news / life? / art / culture / firstname.lastname@example.org / hashtag
If you grew up in Canada with a television in your house, you can probably remember brainlessly absorbing Tim Hortons commercials into your soft, impressionable young heads in between segments of Bob Barker’s The Price Is Right, Magic School Bus or even viewings of the Canadian classic House Hippo PSA.
As a handsome young devil, I usually coasted on my looks alone, and my brain was too soft and undeveloped to shout at the TV like I do now when I see a Tim Hortons ad coming up. Besides, Tims (Christ, it hurts to abbreviate) was where I got my double-dipped chocolate donut fix after Sunday morning hockey. Why should I hate them?
But eventually I grew up into the lovably cantankerous curmudgeon I am today. I started going to high school. I started drinking coffee and “experimenting” as they say. Mom’s home-brewed Folgers was a gateway mug down the slippery slope of caffeine abuse. Before long I was just like every other teenager: flinging himself out of bed at first dawn to taste that sweet Colombian grind, straight-up wired throughout every class, even falling asleep with the decaf only to wake with coffee-stained PJs. Eventually mom’s coffee began leaving me craving more and I started turning to other brands to satisfy my needs. Starbucks, Second Cup, Timothy’s: I needed them all inside me. And then I met Tims.
His promise of coffee and a donut for one low price was intriguing. The other brands had similar offers but Tims was the cheapest, and I knew I could trust the donuts. Besides, I had probably seen every Tim Hortons commercial made since 1990 and they all said Tims was the shit. Real fuckin’ Canadians drank Tims.
I stepped in. Ordered. Sipped…
This wasn’t coffee at all!
Maybe it was, once, but now it was a burnt mess, and so much sugar was added to mask the terrible taste of the charred, stagnant hot liquid. I had ordered black coffee with a little sugar but this was a syrup-thick and cloyingly sweet beverage, closer to hot chocolate made with reused coffee grinds than the bittersweet drip coffee, ubiquitous everywhere else in Canada.
Once again, I had been lied to – betrayed just like I had been with the House Hippo – by my supposed friend the TV. I felt crushed and confused. What kind of person enjoys this sludge? How was Tims a successful business when their coffee tastes like it gives you type 2 diabetes? I had one sip and I was revolted. Had some narcotic substance had been added to get the customers back against their better judgement and concern for their health? But most troubling to me were the commercials. How had Tims succeeded in equating their terrible coffee with the Canadian spirit?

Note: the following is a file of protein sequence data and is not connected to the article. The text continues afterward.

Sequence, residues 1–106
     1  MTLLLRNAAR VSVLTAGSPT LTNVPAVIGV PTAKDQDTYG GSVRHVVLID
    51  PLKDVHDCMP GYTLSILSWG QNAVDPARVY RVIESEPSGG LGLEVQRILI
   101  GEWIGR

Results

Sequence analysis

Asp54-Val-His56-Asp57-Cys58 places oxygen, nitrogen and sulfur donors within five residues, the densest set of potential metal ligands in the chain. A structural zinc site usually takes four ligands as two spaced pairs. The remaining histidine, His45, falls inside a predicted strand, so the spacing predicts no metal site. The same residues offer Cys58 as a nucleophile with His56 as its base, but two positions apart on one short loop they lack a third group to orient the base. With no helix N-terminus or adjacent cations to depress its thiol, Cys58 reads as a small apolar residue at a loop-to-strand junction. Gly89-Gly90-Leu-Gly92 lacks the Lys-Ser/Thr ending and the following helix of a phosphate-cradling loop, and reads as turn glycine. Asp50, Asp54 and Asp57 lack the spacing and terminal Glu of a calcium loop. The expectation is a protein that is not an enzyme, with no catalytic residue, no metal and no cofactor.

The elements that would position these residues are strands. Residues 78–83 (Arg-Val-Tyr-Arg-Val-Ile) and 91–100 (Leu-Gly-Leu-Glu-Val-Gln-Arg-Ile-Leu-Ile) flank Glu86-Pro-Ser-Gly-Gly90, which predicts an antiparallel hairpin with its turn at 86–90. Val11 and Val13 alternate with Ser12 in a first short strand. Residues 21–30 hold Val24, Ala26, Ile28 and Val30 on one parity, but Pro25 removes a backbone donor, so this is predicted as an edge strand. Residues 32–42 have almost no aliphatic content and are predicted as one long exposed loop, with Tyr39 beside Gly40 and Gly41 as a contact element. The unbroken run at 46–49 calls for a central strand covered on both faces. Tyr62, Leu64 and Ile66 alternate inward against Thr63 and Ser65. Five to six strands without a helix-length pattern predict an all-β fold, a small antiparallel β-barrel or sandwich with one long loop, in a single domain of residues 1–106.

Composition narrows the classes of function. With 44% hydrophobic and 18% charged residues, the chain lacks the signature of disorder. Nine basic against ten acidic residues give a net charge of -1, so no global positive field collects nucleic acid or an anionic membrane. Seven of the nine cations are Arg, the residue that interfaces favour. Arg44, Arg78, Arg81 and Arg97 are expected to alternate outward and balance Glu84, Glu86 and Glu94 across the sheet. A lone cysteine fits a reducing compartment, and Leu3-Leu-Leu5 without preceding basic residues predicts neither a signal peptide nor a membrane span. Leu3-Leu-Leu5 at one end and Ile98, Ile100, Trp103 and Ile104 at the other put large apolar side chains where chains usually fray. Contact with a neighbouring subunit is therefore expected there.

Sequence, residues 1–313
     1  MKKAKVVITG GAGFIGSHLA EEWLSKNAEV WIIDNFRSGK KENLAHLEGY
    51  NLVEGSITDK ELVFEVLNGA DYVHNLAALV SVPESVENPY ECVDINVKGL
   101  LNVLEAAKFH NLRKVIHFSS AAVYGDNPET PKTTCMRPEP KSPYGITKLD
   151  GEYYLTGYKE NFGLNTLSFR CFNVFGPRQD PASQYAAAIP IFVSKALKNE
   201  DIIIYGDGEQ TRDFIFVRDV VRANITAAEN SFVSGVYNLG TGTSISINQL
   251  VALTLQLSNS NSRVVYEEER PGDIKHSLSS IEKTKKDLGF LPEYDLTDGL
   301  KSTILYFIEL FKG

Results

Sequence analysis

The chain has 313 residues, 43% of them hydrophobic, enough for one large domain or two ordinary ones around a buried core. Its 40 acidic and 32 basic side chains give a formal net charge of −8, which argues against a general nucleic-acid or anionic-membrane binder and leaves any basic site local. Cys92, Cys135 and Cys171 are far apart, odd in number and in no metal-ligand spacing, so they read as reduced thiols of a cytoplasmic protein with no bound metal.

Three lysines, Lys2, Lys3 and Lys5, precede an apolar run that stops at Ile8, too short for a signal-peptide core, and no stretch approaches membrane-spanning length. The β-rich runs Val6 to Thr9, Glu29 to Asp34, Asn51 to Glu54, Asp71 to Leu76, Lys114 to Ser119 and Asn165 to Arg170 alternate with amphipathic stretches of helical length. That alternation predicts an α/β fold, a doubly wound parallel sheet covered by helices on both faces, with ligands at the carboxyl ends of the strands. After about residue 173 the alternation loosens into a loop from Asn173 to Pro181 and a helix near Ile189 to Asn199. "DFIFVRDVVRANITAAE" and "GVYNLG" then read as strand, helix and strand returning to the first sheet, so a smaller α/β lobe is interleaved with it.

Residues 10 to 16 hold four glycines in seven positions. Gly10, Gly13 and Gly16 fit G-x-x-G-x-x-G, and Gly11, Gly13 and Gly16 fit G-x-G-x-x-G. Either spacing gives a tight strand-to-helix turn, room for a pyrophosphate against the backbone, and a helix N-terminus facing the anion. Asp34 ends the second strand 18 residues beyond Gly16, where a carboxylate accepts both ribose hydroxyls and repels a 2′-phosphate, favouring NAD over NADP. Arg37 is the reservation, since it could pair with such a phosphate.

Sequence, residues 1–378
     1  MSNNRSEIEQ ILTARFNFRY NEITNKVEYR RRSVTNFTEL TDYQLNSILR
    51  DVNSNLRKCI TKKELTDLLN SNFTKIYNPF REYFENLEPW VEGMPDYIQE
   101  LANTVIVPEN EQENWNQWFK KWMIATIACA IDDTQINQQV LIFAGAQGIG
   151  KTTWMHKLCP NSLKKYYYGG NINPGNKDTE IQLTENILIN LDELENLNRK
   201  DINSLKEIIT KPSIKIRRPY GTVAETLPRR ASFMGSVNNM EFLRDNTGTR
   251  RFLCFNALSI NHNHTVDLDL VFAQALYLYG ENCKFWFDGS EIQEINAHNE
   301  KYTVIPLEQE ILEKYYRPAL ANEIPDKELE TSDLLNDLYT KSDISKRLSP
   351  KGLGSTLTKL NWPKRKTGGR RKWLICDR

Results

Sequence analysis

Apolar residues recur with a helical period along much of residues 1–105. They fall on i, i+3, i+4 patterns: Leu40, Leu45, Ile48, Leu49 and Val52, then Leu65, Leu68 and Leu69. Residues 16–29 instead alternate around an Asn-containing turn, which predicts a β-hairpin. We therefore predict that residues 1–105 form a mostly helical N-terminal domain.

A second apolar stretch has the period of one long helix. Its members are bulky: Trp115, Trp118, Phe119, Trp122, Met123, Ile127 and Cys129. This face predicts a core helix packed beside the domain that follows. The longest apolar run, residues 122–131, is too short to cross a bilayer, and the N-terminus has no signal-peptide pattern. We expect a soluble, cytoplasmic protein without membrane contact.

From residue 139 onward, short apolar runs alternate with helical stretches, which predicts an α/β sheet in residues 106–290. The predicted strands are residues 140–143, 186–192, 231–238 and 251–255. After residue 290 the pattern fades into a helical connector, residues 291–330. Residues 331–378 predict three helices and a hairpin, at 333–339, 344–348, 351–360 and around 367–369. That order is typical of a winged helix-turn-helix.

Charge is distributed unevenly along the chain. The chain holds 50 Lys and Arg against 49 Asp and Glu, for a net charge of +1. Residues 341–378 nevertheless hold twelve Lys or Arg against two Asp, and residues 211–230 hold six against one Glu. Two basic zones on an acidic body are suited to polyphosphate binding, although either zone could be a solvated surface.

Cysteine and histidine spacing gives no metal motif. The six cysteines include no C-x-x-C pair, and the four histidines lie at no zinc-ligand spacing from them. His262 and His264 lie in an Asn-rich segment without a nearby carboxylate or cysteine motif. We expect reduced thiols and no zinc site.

It’s a free country. If people so desire double-doubles and the diabetes it comes with, who am I to object? But why must the Canadian national identity be equated with Tim Hortons coffee? It is disgraceful and embarrassing to me that a business that doesn’t even respect itself enough to spell its own god damn name right (it’s Tim Horton’s people! Show me the apostrophe!) should stand in for the maple leaf. People around the world must be tasting Tim Hortons and laughing at the ignorant and provincial taste buds of the Canadian people.
As a kid in the 90s, I saw Tim Hortons commercials selling their coffee with frumpy country-pretty employees to weary northern travellers (as in the above commercial). Trope after trope of recycled Canadiana was used and reused to peddle Tims’ terrible beverage. Since then, their commercials have only grown more dependent on Canadian iconography.
…New-coming immigrant family reunions,
…And the cross-Canada road trip are all motifs for sale, ready to be used in the televised promotion of a terrible sugar-and-cream laden drink that doctors the world over warn against.
It seems to me the maple leaf and the Canadian spirit it represents must be an unwilling participant in its exploitative partnership with the Tim Hortons brand. Quite simply, Tim Hortons deals in idiotic and exploitative jingoism: the aligning of the maple leaf, hockey enthusiasm, cold weather tolerance and the acceptance of multiculturalism with an otherwise unremarkable brand in order to sell their product as the most patriotic of its kind. Tim Hortons is not exceptionally Canadian; they are hardly more Canadian than McDonalds or any other multinational corporation.
I do not like the notion that the soul of Canada can be bought for $1.50 and come with an optional “donut combo”. In their pursuit to sell double-doubles, Tim Hortons cheapens what it truly means to enjoy Canadian freedom, embarrasses the nation on a global scale, and sells diabetes to children in 30 second segments between Saturday morning cartoons.
By Geoff K